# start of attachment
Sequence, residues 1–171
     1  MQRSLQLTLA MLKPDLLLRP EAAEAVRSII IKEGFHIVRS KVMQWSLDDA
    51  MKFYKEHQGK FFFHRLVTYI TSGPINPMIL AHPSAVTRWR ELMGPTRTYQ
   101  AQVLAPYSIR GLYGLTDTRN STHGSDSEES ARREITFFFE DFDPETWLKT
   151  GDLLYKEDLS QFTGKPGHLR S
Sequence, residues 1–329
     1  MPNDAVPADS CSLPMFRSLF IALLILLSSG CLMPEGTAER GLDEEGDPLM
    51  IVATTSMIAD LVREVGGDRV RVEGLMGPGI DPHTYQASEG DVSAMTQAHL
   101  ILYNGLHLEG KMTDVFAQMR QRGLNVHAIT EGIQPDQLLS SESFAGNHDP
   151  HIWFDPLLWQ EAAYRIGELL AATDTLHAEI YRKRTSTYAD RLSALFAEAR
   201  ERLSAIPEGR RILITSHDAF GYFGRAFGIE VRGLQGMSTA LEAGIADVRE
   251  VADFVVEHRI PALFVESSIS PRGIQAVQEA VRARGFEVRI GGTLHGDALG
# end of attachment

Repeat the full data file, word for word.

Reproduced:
Sequence, residues 1–171
     1  MQRSLQLTLA MLKPDLLLRP EAAEAVRSII IKEGFHIVRS KVMQWSLDDA
    51  MKFYKEHQGK FFFHRLVTYI TSGPINPMIL AHPSAVTRWR ELMGPTRTYQ
   101  AQVLAPYSIR GLYGLTDTRN STHGSDSEES ARREITFFFE DFDPETWLKT
   151  GDLLYKEDLS QFTGKPGHLR S
Sequence, residues 1–329
     1  MPNDAVPADS CSLPMFRSLF IALLILLSSG CLMPEGTAER GLDEEGDPLM
    51  IVATTSMIAD LVREVGGDRV RVEGLMGPGI DPHTYQASEG DVSAMTQAHL
   101  ILYNGLHLEG KMTDVFAQMR QRGLNVHAIT EGIQPDQLLS SESFAGNHDP
   151  HIWFDPLLWQ EAAYRIGELL AATDTLHAEI YRKRTSTYAD RLSALFAEAR
   201  ERLSAIPEGR RILITSHDAF GYFGRAFGIE VRGLQGMSTA LEAGIADVRE
   251  VADFVVEHRI PALFVESSIS PRGIQAVQEA VRARGFEVRI GGTLHGDALG